Environmental regulators in the state of Idaho have moved to shutter a gold mine that had been operating illegally after discovering that it was also dumping dangerous arsenic into the Boise River, the Idaho Statesman reported.
In fact, the mine, called Atlanta Gold, is continuing to dump the dangerous heavy metal into a tributary of the larger river, even as it has been operating without a permit in a historic gold mining region southeast of Boise.
The Idaho Department of Lands ordered the mine to cease and desist in September after regulators inspected the site located off of Black Creek Road, where they discovered mining activity taking place without a reclamation pond or a bond, which is in direct violation of the Idaho Surface Mining Act.
In addition to those two requirements, the act also mandates that mining companies provide advance notice before exploration begins utilizing earth-moving equipment. The law also prescribes penalties for violators.
“If (Atlanta Gold) does not immediately stop operations, this matter will be forwarded to the Attorney General’s Office,” said Derek Kraft, senior Department of Lands Resource specialist, in the desist order Sept. 23.
In its annual report, the mining company said that it had unearthed 8,000 tons of gold-bearing ore in 2015. The company filed its notice of exploration in July of that year, but in his letter Kraft said that digging up that much material amounted to actual mining, not simple exploration.
The company, which is based in Boise, ceased its operations in September and has yet to move any ore offsite, the paper reported, quoting Atlanta Gold CEO Ernie Simmons. He noted that he gave the state regulatory agency the information it required for the reclamation plan, which showed how acid rock that had been mined at the site would not pollute water in the area.
When in contact with water, that kind of rock can leach heavy metals.
However, Idaho Department of Lands officials stated that they don’t currently have enough data to approve the reclamation plan or set the appropriate bond.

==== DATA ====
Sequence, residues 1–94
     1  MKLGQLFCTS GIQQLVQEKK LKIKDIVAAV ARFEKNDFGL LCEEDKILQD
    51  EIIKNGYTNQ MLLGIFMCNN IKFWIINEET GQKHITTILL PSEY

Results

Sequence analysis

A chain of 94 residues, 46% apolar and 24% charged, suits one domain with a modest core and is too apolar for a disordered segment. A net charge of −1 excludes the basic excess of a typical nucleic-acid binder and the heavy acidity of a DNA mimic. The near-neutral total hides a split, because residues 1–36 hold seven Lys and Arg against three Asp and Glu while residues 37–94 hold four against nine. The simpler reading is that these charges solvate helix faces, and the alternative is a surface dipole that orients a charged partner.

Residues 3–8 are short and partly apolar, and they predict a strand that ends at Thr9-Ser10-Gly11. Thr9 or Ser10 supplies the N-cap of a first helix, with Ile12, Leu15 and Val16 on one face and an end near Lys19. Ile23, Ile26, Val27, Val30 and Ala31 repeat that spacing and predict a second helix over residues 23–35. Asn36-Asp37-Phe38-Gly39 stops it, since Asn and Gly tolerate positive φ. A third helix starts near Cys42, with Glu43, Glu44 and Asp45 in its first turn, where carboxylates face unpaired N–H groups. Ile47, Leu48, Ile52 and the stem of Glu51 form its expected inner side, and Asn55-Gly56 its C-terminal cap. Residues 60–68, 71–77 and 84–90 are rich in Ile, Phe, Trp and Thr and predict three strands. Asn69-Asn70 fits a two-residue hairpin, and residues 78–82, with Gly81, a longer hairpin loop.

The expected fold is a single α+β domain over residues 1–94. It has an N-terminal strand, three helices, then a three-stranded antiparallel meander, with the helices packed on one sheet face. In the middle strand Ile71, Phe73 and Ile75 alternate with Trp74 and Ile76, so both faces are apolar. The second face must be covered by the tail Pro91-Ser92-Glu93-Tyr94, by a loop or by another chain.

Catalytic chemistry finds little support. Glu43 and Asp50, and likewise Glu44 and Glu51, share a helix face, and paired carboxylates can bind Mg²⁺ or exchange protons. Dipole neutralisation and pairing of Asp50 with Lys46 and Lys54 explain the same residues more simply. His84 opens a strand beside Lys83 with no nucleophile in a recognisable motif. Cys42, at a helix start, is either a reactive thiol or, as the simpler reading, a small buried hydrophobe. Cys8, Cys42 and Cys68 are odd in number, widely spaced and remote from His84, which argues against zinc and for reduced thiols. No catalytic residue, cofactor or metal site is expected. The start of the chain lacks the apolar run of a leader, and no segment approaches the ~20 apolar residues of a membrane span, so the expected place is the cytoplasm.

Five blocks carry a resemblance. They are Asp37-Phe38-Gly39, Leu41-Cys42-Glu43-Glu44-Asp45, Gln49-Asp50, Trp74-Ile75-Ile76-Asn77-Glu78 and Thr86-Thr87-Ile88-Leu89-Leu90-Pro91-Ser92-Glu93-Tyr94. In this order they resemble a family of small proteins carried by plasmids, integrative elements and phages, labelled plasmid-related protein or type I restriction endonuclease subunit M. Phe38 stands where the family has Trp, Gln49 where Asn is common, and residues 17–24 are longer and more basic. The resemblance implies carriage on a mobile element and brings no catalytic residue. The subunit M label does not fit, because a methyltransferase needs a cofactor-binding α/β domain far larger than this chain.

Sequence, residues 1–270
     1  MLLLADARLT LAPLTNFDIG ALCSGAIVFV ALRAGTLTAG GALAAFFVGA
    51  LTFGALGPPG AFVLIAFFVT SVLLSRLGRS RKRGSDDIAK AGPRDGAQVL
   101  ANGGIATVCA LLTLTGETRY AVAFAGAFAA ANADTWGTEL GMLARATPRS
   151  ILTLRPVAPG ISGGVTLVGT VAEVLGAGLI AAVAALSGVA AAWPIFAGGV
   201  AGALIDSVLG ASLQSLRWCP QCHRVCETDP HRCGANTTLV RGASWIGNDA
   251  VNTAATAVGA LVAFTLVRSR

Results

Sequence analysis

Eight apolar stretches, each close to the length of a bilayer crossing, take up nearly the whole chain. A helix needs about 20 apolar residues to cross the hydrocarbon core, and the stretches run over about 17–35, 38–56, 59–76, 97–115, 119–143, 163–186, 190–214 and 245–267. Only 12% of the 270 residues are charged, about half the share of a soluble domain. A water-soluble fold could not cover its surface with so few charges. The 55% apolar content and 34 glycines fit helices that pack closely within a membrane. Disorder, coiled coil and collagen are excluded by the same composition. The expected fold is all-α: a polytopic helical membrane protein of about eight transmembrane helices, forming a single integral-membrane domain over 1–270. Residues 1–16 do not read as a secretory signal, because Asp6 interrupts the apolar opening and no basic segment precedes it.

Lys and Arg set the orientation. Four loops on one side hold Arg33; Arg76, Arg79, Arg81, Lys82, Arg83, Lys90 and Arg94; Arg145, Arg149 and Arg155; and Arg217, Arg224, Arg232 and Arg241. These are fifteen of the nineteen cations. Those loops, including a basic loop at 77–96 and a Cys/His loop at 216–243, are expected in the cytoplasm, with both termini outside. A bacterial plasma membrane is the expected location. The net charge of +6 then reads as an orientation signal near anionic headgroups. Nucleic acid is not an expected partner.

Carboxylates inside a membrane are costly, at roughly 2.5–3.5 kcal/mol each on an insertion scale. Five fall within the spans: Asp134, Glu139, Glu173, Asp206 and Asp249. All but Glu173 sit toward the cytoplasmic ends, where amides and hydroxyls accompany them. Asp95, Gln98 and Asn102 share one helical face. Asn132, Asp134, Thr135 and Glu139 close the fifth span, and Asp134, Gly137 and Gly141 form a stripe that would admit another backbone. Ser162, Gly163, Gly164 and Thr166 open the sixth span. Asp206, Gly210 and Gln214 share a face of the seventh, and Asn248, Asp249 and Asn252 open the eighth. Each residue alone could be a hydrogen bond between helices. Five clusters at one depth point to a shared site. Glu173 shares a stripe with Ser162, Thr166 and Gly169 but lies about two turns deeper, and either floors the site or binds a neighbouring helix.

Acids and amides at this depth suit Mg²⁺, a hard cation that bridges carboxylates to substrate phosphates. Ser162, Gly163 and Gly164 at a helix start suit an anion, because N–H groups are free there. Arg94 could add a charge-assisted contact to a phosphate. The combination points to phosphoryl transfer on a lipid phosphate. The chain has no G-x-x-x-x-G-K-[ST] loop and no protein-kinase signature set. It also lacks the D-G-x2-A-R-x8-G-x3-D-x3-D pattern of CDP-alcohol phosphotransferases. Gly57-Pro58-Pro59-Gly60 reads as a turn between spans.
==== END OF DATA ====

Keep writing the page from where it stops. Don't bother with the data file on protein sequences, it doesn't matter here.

“Their plan is incomplete,” Sharla Arledge, a spokesperson for the state agency, told the paper.
Kraft noted that the waste dump and other dirt and rock piles he found on site were not located where the draft reclamation plan indicated they would be. The paper noted that regulators found about 13,000 cubic yards of ore piled up and some 10,000 cubic feet of other material that was removed to get to the ore still on site.
This latest incident with regulators for Atlanta Gold comes as The Idaho Conservation League and the Northwest Environmental Defense Center have gone back to court seeking a judge’s order finding the company in contempt of court.
U.S. Magistrate Judge Mikel H. Williams, with the District of Idaho, ordered Atlanta Gold in 2012 to lower its discharging of arsenic and iron into Montezuma Creek, located 35 miles east of Idaho City, and to pay $2 million in fines for hundreds of violations under the federal Clean Water Act. The creek is a tributary of the Middle Fork of the Boise River, which joins other bodies of water above Lucky Peak Dam and is a source of drinking water for many Treasure Valley communities.
In their most recent filing, the two environmental organizations claim that Atlanta Gold has engaged in more than 500 new violations of the Clean Water Act, while showing that the company has not paid its court-ordered fine.
In a response to the filing, the company said it had made some payments but that it cannot pay anymore at the present time because its only revenue is coming from loans, investors and royalties on future income, which still does not cover the cost of operation.
“The financial condition of (Atlanta Gold) is grim,” company attorney Michelle Points said in the company’s response to the environmentalists’ call for contempt. “There continues to be significant doubt that (Atlanta Gold) will be able to continue as a going concern if certain investment opportunities do not come to fruition.”
Still, the company should be made to stop leaching arsenic into water that other people drink. If it fails to do so or cannot do so financially, that bill will fall to federal taxpayers, the paper said.